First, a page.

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Questions tagged [spanish]

For questions about English words and phrases of Spanish origin. For questions purely about Spanish, visit our sister site Spanish Language Stack Exchange.

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Idiomatic expressions for making sarcastic comparisons with other person: translations for ‘otra que’ or ‘ser un poroto’ [closed]

Consider this situation. I'm playing a football game and one of my teammates eludes all the opponents and scores all on his own. If he is a regular player, I would say with irony one of these two ...
tac's user avatar
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1 vote
1 answer
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How are called the fouls made with the sole? Translation of ‘planchazo’

Need help for an English equivalent of this action, I didn't find anything: planchazo (also plancha) Adelantamiento frontal de la suela del pie, que constituye una infracción en varios deportes. ??? ...
tac's user avatar
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1 vote
2 answers
76 views

Idiomatic words for saying ‘yes and no’ at the same time (or best translation for ‘ní’) [duplicate]

Imagine this: You have to answer a yes/no question but it is so complex that you can't even just say ‘yes’ or ‘no’. You do know the answer (or an answer), but you know that the question is open and it'...
tac's user avatar
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2 votes
2 answers
101 views

On whether the subjunctive mood in present is correctly understood here and whether is correct to test it in analogy with Spanish subjunctive mood

I need to apply the subjunctive mood in present time in some translations from Spanish. I should do this, and although I know the common thing to do is to avoid it, this is a literary translation and ...
algo's user avatar
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8 votes
3 answers
805 views

How would you name the different types of periods? ~ Translating ‘punto seguido’, ‘punto y aparte’ and ‘punto final’

In Spanish, we have different names for the different types of periods: If the period is inside a paragraph, it's called punto seguido. If the period ends a paragraph, it's called punto y aparte. If ...
tac's user avatar
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0 answers
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Is “actual” both a false friend and a cognate from Spanish to English?

English definition of “actual”: existing in fact; typically as contrasted with what was intended, expected, or believed. Spanish definition of “actual”: current, present, contemporary These are ...
Felix's user avatar
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0 votes
0 answers
47 views

Idiomatic word or expression for a lazy and unmoral person who gets paid without working - Translation of Spanish ‘ñoqui’ [duplicate]

I'm not talking about the Italian dish. In Argentina, there's a well known expression for someone who doesn't go to work and only assists the last month's day to get paid: It's called a ñoqui. The ...
tac's user avatar
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2 votes
1 answer
135 views

Idiomatic expressions for falsity pt. 3: the guesser falsity - Translation of Spanish: ‘mandar fruta’

Introduction According to correspondence theory, if you say or think something that does not correspond to reality then you have said something that is false. While this is an obvious concept learned ...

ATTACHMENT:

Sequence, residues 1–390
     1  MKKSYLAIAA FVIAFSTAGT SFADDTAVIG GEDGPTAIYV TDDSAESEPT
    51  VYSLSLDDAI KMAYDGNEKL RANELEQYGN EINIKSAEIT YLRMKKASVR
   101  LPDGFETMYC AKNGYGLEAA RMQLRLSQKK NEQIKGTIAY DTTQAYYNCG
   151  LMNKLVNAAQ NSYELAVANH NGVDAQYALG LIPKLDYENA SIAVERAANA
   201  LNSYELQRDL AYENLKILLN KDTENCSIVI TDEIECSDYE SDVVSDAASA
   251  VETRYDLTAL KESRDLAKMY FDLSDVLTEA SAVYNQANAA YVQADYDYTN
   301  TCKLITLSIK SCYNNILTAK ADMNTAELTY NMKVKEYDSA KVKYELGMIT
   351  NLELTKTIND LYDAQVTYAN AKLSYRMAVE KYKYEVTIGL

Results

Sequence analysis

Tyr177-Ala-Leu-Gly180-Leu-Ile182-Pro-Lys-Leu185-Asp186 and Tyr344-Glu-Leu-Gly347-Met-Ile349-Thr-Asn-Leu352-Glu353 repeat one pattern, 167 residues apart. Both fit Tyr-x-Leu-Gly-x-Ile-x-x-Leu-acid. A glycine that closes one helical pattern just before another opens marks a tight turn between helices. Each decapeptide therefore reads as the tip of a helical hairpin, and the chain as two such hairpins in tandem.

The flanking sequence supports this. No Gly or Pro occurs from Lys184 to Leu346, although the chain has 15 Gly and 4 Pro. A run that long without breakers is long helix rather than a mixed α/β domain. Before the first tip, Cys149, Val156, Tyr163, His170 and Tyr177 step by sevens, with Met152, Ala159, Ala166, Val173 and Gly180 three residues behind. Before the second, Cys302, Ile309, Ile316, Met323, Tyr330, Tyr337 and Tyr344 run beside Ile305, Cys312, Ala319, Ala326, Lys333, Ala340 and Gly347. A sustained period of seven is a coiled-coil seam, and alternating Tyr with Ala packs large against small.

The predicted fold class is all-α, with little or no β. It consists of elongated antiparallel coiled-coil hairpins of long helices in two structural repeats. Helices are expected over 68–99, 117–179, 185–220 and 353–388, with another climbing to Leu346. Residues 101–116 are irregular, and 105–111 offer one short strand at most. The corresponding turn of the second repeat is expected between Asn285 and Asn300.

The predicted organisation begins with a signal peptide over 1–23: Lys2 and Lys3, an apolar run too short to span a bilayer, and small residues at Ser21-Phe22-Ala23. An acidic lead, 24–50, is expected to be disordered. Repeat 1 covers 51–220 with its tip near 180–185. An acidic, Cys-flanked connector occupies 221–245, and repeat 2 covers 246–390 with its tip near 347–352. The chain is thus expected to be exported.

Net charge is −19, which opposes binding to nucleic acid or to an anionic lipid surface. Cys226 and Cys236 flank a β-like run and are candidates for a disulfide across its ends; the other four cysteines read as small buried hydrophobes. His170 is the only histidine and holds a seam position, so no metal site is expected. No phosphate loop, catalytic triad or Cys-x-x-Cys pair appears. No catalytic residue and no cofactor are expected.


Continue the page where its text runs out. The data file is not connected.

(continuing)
tac's user avatar
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0 votes
2 answers
160 views

Idiomatic expressions for falsity pt. 2: the sophist falsity - Translation of Spanish: ‘versear’ or ‘chamuyar’

Introduction According to correspondence theory, if you say or think something that does not correspond to reality then you have said something that is false. While this is an obvious concept learned ...
tac's user avatar
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10 votes
15 answers
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Idiomatic word/expression for someone ‘who has no feeling for the game’ - Translation of Spanish ‘pechofrío’

I'm having trouble translating the expression pechofrío (pecho frío, ‘cold chest’) from Spanish—specially Argentinian Spanish, I don't know if it's used in other countries. It means: s. masc. Persona ...
tac's user avatar
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6 votes
10 answers
3k views

Idiom for Spanish ‘no escupas para arriba’ (i.e., ‘be careful with the harm you do, it could come back at you’)

In Spanish, there's the expression ¡no escupas para arriba! (literally ‘don't spit upwards!’), which is used for example in counter-reprimanding or counter-criticizing purposes—although there are many ...
tac's user avatar
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0 votes
2 answers
135 views

English equivalent of the Argentinian idiom "not a single puppet was left with its head on"

I'm looking for an English idiom related to this one, pretty odd, heard in Argentina: "Not a single puppet is left with its head on.", or maybe "To chop off every puppet's head." (...
Seba fff's user avatar
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2 votes
0 answers
70 views

Explaining how to translate spanish "Ya" (already vs just vs ...) [closed]

I asked my coworker to fix something in a program. When he fixed it, he replied with, "I already fixed it." -- this wasn't intentionally misleading, but was an incorrect translation of &...
Kimball Robinson's user avatar
14 votes
19 answers
3k views

Idiom for frustrating someone else's plans by taking what the other person wanted in the first place

There's an idiom in Argentina translated roughly as "to sleep someone" (dormir a alguien), which is used when someone frustrates the plans of someone else by taking what the other person ...